God doesn’t do coincidences
Throughout my 20s, one of the biggest sources of stress in my life was the fear that God didn’t really love me and that I would never really know where I stood with Him. At one one point, however, I put His love to the test: I went on a sinning spree that took me further than I wanted to go and convinced there was no way back.
In theory, I knew Jesus still loved me, but theory was as far as it went. Sure, His blood would still allow me to go to Heaven, but I figured it would be a while before He offered me any other blessings. Yet that was the very moment He chose to bring the greatest blessing of my life: my wife, Raquel.
We met at a party that Raquel almost skipped because there was a terrific storm in D.C. and she hardly knew anyone who was coming to the party. I struck up a conversation with her, got her number, went on a couple of dates with her, and quickly grew to like her. Then, a few weeks into the relationship, I tried to run her off by telling her about my not-so-distant past. To my surprise, she didn’t run. She offered the kind of love I was having so much trouble receiving from God.
It was the beginning of a new chapter in my understanding of Christ’s love, which is why I said at our wedding, “If I ever question whether God loves me based on my performance, all I have to do is look at Raquel.”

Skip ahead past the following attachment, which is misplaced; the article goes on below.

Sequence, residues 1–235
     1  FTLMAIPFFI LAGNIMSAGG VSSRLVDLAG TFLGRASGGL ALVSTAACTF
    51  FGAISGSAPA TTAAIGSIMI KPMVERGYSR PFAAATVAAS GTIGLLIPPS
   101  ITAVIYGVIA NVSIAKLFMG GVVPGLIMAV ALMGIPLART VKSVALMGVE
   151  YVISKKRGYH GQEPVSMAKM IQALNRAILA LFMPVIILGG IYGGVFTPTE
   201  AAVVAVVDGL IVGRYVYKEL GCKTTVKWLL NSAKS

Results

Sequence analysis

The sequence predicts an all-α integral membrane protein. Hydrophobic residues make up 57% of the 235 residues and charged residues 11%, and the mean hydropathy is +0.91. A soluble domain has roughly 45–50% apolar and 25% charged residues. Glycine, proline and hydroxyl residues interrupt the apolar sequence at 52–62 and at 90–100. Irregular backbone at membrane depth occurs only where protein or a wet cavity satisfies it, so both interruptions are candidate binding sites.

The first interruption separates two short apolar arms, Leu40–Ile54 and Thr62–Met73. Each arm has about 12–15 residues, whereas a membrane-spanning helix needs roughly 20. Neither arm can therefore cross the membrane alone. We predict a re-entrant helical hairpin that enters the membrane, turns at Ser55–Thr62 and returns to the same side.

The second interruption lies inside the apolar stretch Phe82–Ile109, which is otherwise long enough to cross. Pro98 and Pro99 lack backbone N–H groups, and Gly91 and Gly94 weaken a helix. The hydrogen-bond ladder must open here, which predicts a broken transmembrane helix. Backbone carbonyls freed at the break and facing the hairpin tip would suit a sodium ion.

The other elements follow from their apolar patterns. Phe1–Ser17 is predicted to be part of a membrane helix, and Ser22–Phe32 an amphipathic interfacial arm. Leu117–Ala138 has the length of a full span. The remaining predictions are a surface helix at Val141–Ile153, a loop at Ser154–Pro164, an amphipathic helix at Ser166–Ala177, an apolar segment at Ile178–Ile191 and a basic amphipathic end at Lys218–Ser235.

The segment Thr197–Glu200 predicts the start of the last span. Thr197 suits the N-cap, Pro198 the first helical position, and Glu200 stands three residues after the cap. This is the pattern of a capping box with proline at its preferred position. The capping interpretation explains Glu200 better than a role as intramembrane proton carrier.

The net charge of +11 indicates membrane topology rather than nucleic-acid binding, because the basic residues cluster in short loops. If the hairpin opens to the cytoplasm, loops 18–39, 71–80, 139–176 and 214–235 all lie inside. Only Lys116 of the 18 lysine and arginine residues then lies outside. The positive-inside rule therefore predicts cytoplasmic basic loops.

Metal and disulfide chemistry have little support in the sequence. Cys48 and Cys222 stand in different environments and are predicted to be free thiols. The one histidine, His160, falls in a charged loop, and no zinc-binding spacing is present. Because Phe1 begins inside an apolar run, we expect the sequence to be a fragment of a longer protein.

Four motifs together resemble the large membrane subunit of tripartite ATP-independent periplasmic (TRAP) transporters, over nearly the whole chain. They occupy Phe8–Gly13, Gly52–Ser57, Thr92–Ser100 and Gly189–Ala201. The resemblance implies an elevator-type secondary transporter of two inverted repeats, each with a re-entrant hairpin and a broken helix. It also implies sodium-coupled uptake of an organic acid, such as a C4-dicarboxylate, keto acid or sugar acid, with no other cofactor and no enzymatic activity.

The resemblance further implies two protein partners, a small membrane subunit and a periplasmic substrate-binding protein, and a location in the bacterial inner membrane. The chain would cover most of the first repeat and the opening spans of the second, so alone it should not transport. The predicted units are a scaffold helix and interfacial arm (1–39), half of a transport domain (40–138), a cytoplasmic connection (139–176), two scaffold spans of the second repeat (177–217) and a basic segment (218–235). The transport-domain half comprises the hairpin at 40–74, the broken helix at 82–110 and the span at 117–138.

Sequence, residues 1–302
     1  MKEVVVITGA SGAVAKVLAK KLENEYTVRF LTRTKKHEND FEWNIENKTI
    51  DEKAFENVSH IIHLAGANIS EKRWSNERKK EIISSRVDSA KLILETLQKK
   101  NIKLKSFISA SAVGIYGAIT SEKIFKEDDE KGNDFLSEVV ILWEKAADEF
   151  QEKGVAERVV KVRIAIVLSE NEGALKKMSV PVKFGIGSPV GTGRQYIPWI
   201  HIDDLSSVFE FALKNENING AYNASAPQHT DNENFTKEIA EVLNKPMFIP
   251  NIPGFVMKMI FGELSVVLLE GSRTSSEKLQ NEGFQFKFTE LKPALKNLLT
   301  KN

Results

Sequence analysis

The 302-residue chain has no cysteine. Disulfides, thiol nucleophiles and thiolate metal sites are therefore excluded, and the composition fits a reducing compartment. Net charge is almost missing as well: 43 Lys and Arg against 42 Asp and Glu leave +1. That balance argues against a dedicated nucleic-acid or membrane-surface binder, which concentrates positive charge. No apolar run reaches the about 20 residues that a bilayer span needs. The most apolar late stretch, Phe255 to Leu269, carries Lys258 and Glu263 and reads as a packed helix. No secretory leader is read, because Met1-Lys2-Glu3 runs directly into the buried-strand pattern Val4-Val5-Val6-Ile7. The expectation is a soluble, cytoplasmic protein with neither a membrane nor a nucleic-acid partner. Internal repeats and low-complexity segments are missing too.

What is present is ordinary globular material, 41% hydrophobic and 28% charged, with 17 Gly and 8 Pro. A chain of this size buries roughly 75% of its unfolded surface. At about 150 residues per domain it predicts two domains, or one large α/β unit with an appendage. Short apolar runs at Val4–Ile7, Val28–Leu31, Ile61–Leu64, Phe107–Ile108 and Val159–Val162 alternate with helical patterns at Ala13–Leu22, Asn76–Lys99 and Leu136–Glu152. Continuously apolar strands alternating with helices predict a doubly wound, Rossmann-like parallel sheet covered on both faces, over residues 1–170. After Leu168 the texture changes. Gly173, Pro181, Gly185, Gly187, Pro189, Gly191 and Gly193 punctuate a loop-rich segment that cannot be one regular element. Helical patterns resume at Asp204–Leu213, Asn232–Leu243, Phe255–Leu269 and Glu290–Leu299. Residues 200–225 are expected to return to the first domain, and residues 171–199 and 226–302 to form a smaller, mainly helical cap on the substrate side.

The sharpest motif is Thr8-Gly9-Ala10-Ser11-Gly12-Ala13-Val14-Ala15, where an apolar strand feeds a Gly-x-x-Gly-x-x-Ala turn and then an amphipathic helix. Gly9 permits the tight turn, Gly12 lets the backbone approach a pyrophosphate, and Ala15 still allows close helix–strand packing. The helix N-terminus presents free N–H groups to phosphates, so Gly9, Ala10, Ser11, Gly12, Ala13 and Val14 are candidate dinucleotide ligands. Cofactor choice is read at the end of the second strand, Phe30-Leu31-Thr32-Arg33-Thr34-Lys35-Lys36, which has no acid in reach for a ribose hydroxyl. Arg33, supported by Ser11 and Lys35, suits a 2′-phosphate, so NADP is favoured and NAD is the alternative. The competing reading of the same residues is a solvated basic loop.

To the world, Raquel’s and my story is one about a heartwarming, coincidental meeting of two people who were ready to find love. For the Christian, however, there is no such thing as a coincidence.
The things that happen to us, good or bad, are subplots in a much bigger story: “That all things” — even our failures and brokenness — “work together for good to those who love God, to those who are the called according to His purpose” (Romans 8:28). God is the Author, and in His story, there are no accidental twists, no insignificant details, no wasted moments.
Those years of purposelessness that seemed like a waste of time: They’re working together for our good.
The failures that still haunt us: They’re working together for our good.
The successes of other people: They’re working together for our good.
The sins that have been committed against us: They’re working together for our good.
The world events over which we have no control: They’re working together for our good.
That doesn’t mean all these things are good. It means we serve a resurrected Saviour who has the power to bring life from death, gain from loss, joy from sorrow. He’s drawing us deeper into His story in which we eventually discover that all along, every single circumstance was adding up to a surprise ending that was “immeasurably more than all we could ask or imagine” (Ephesians 3:20).
This post was originally published on JoshuaRogers.com on 31 Oct 2016.